View Full Version : Setting the Altimeter on Garmin...

Wise Old Owl
09-12-2011, 22:28
Hate to say it - the worst part of the program is the altitude... it's all over the place! Maybe Mags Can get this right for us... anyway I have twice "tripped up the lies" GPS puts out... Altitude of -6 when you are on the second floor... well you can tell.

For the second year in a row I have "sat" on the beach in Delaware and waited for a while for the GPS to get a clue... then typed in 0000 for the altitude. This time I turned off Auto Calibration, Began auto calibrate and entered the correct alt..

I hope I understand it right I picked sea level between high & low tide. When I got home the Alt appeared right for the second time.....

Hey I realize that this is not a big deal for most of us,,,, but when the unit is reading barometric pressure... its important to know its accurate and right on most things....

09-12-2011, 22:39
Calibrate to a Survey Monument of known Altitude. ie: USGS Monuments in the states.

09-13-2011, 13:47
Airports are good place for calibrating altimiters, pilots frequently reset them on their planes before take offs.

09-13-2011, 15:52
You can get the current barometric pressure readings from METAR data at NOAA's website for various airports worldwide at http://weather.noaa.gov/weather/metar.shtml

The ICAO airport codes can be looked up at http://aviationweather.gov/adds/metars/stations.txt

An explanation of the coded report is at http://www.nws.noaa.gov/tg/code.html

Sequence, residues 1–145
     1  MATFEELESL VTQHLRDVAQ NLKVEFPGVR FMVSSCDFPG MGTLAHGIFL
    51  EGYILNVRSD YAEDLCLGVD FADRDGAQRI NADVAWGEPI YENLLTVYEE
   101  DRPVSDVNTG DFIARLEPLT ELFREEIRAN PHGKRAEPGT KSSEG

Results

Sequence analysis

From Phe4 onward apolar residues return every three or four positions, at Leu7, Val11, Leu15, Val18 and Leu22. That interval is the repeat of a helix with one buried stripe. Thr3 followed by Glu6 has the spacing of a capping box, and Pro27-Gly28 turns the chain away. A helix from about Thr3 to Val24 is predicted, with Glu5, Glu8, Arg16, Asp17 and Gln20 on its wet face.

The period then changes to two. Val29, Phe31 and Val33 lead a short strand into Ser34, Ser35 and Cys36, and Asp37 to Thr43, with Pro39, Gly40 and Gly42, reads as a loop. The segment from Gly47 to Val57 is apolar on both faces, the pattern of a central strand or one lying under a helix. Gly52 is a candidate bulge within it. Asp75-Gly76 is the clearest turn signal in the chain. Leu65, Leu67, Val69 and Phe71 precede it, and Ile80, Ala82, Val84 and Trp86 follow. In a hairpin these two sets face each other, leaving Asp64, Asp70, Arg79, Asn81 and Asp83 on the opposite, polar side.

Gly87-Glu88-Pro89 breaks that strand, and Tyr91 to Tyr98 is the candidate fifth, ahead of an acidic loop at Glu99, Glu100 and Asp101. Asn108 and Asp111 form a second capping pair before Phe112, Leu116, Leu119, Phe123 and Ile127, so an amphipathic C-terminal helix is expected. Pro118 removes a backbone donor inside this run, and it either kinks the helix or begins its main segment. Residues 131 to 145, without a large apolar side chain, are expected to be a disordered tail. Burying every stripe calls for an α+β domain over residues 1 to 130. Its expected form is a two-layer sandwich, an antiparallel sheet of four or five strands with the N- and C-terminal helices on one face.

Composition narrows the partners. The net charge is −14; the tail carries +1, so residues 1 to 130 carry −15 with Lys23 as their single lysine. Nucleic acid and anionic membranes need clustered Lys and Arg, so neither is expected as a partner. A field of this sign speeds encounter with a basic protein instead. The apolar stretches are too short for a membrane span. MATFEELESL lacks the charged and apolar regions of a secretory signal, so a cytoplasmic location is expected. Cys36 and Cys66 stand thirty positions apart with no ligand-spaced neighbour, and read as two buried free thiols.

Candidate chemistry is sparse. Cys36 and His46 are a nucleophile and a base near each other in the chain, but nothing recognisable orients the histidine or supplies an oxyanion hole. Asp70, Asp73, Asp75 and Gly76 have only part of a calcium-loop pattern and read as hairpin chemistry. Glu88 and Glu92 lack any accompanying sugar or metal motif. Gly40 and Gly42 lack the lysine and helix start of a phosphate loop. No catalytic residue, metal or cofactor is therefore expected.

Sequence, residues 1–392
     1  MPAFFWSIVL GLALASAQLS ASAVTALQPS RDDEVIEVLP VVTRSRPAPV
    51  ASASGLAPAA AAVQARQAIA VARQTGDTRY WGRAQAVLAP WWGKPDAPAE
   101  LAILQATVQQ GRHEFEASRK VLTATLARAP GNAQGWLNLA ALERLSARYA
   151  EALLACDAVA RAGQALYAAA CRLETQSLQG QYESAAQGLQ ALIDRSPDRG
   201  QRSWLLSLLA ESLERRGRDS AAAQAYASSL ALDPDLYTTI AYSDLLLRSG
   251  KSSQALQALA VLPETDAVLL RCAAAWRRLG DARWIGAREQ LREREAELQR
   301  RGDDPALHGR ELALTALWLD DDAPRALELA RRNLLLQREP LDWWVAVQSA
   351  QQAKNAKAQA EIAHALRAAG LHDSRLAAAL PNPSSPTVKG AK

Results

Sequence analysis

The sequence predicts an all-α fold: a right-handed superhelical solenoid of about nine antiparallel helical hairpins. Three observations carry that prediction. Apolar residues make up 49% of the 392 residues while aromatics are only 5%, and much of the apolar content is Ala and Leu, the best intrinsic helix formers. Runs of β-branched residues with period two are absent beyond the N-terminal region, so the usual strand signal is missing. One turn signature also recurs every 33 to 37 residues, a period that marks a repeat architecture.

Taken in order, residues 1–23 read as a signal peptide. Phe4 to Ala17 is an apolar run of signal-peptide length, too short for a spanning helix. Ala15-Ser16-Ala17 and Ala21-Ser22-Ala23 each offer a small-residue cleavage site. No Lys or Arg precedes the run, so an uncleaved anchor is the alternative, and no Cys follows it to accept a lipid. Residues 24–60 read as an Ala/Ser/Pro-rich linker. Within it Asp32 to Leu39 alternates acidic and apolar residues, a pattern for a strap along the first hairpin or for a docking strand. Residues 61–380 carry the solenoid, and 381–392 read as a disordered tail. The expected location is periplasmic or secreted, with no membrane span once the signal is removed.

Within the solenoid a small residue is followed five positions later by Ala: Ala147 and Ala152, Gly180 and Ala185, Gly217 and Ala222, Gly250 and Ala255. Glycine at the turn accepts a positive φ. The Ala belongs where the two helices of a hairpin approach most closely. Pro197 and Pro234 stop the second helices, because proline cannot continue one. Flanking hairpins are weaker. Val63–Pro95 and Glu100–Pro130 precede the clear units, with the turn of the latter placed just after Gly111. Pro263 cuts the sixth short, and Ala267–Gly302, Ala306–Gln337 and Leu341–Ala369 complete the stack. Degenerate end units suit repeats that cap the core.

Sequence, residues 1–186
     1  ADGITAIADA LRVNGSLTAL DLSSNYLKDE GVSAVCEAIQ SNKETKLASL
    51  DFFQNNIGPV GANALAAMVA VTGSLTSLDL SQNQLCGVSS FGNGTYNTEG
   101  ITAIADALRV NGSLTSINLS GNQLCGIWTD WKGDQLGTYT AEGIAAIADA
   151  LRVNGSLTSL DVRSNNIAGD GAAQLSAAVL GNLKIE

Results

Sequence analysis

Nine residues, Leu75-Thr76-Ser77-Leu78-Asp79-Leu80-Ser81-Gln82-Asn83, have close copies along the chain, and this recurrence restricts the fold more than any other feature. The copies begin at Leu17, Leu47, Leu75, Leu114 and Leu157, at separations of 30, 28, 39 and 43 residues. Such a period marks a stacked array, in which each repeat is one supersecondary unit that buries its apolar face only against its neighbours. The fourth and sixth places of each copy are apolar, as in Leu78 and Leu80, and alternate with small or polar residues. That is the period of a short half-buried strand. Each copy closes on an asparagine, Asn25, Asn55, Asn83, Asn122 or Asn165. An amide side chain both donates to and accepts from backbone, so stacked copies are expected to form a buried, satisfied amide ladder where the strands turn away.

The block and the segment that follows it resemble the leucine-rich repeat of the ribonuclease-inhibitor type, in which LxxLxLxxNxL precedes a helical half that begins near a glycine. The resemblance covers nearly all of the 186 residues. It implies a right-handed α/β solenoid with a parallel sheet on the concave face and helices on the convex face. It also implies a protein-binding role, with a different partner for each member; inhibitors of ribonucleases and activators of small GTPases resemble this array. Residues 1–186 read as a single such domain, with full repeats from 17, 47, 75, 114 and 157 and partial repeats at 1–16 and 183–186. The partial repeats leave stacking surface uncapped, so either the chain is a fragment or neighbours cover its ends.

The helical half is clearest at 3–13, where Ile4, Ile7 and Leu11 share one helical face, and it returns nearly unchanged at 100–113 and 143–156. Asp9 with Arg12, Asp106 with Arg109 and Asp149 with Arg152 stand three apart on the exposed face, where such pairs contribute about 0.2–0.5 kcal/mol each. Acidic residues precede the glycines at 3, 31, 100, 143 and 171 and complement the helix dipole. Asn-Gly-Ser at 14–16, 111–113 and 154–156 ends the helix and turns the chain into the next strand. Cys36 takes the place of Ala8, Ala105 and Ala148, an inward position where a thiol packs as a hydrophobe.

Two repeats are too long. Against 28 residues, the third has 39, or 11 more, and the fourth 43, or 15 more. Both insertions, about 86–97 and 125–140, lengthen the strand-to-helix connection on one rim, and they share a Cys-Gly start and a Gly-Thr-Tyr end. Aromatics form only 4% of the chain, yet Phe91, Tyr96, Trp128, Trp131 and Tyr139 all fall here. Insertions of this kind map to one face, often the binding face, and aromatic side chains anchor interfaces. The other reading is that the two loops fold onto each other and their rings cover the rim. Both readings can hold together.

The Old Fhart
09-15-2011, 00:23
If your GPS is using barometric pressure to calculate altitude, then it will change as the barometric pressure changes and there is no way around this. You will have to set the altitude on your GPS at a known benchmark or read the elevation from a topo map when you are at a known location. A barometric altimeter is just a barometer that displays altitude so it's really one instrument and you can switch the units from in-Hg to feet depending on your needs. If a front comes through a .2 in-Hg change will change the altimeter reading about 200 feet. How often you will have to calibrate your altitude will be determined by the stability of the air mass over you. If you're hiking in the mountains you may want to check it several times during the day at known landmarks.

If your GPS uses the satellites for altitude calculations, the earth isn't a perfect sphere and the WGS84 spheroid model can be off in some areas as much as 200 feet but it will not be affected by barometric pressure. ( http://en.wikipedia.org/wiki/World_Geodetic_System )

METAR data is rather cryptic and not that useful to the general public (I used it at the Mt Washington Weather Observatory) and airport data gets less reliable as your distance from the airport increases. If the weather channel has local weather for your city and displays the current barometric pressure that might be adequate.